On Boston's Mandatory School Busing:

The Boston Public School System, which was run by an extremely opportunistic, racist and patronage and politics-ridden, all-white school committee was deliberately kept racially segregated, thereby not only depriving African-Americans and other non-white Boston public school students of a good decent education, but depriving Boston’s white
working-class students of a decent education as well. Yet, the black schools were even worse. Subsequently the NAACP’s Boston chapter, after years of recalcitrance by the Boston School Committee, under the auspices of the late Louise Day Hicks and her cronies, decided that it was time to file a Federal lawsuit.

Federal District Judge W. Arthur Garrity, Jr., who was originally from Worcester, MA, but moved to Wellesley, through much research and evidence, found that the Boston School Committee had deliberately and knowingly created a dual school system–one for whites and one for non-whites. In the fall of 1974, Boston’s Federal Court-mandated school busing began, with riots, rock and bottle throwing, the shouting of racial epithets, and physical assaults on black and other non-white students who were being bused into Boston’s white ethnic neighborhoods under the Federal court-mandated school busing program.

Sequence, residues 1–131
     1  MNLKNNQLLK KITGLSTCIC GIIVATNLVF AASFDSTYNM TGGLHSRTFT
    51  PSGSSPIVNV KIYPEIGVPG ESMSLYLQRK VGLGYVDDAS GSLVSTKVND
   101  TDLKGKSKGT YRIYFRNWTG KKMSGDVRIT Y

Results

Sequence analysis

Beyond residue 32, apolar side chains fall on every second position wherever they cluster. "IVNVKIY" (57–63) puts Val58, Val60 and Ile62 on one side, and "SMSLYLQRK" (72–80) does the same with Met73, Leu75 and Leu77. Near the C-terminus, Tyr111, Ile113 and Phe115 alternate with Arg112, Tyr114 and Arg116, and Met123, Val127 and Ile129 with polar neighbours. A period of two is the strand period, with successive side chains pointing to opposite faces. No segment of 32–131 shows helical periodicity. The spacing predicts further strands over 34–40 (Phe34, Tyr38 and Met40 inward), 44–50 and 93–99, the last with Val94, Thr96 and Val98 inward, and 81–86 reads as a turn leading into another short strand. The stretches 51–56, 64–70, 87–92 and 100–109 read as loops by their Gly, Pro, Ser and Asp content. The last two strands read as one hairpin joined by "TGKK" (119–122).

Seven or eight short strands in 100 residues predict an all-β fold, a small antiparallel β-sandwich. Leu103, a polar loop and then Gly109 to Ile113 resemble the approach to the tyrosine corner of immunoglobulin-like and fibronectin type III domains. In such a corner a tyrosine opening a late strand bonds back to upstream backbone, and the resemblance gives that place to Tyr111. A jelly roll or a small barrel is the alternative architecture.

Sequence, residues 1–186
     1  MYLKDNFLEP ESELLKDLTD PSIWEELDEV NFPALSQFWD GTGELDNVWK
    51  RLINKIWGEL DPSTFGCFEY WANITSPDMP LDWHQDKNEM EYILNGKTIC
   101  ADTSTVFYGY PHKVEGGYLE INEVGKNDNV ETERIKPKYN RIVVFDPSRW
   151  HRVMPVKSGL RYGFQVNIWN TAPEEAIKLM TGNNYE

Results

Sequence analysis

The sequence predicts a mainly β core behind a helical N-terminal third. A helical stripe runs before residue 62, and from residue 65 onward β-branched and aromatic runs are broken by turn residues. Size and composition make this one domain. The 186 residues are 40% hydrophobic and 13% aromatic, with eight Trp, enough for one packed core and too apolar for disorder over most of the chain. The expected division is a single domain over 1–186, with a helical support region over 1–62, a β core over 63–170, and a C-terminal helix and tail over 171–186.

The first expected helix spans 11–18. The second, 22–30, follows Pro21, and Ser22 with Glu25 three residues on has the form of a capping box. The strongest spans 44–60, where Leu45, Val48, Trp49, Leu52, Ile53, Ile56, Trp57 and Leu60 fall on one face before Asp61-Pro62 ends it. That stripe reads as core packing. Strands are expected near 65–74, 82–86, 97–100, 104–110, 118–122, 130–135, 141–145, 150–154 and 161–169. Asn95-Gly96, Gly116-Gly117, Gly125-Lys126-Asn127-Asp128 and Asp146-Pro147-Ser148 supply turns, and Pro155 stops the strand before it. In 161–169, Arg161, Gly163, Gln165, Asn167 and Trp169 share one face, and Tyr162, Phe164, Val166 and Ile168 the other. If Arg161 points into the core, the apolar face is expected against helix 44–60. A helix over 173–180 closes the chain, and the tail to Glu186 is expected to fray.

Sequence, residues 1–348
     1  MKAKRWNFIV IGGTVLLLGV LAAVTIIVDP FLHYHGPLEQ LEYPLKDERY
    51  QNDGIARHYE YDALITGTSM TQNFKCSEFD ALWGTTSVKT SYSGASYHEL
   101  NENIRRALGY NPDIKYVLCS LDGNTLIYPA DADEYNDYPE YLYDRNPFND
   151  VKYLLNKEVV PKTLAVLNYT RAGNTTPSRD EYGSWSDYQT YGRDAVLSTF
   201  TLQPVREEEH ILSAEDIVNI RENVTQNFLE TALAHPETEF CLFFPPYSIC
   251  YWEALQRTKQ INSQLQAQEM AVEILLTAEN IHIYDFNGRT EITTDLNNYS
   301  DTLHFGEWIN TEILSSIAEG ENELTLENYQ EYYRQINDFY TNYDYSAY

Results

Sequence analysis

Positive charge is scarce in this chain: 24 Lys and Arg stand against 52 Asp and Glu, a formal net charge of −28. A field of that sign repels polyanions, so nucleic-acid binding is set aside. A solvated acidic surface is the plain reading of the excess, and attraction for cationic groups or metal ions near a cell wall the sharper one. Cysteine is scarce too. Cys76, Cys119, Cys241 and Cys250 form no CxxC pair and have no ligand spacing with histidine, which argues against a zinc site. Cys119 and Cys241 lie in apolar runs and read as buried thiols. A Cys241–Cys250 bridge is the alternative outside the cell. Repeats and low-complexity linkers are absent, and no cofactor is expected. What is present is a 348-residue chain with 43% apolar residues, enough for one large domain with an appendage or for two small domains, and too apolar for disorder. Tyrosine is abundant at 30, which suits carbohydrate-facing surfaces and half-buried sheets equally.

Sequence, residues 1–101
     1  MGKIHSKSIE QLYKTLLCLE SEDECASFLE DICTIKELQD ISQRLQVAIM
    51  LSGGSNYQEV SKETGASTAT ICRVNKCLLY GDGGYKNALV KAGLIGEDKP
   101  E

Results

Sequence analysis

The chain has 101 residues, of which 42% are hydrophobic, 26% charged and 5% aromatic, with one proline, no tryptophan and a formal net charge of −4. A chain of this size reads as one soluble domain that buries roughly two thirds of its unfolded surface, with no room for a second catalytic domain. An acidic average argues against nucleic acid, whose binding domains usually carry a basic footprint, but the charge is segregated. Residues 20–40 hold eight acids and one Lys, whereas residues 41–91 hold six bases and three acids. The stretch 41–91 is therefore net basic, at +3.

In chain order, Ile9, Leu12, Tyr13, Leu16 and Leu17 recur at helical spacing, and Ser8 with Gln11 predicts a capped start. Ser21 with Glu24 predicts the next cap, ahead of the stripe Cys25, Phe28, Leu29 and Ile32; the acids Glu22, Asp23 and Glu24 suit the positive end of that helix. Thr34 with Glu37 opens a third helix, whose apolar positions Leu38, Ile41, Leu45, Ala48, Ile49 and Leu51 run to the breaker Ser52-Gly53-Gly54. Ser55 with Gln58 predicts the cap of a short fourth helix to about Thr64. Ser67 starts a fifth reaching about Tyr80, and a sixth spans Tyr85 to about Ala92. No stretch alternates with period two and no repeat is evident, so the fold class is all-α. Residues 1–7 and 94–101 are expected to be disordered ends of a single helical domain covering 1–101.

The most disastrous part of the plan, however, was the part that entailed the cross-busing between Roxbury, the heart of Boston’s black community, and white working-class South Boston (or Southie), both of which were the most racially segregated, had the highest concentrations of extreme grinding poverty, the worst schools in the city, particularly the two high schools in those areas, the highest rates of unemployment, crime and incarceration, especially among young males, the highest rates of substance and alcohol abuse and illegitimacy, especially among teenagers, the highest student school drop-out rates, and the lowest percentages of students who went on to any type of higher education after high school. The same can also be said about the part of the plan that entailed the pairing off of Charlestown, another poor, white tough working-class ethnic neighborhood, with Boston’s South End (not to be confused with South Boston) and Lower Roxbury, as well.

Having said all of the above, I believe that had those two parts of the plan been implemented more gradually, and in a different way, and had the plan been better designed and more smartly implemented, busing would’ve worked out far b

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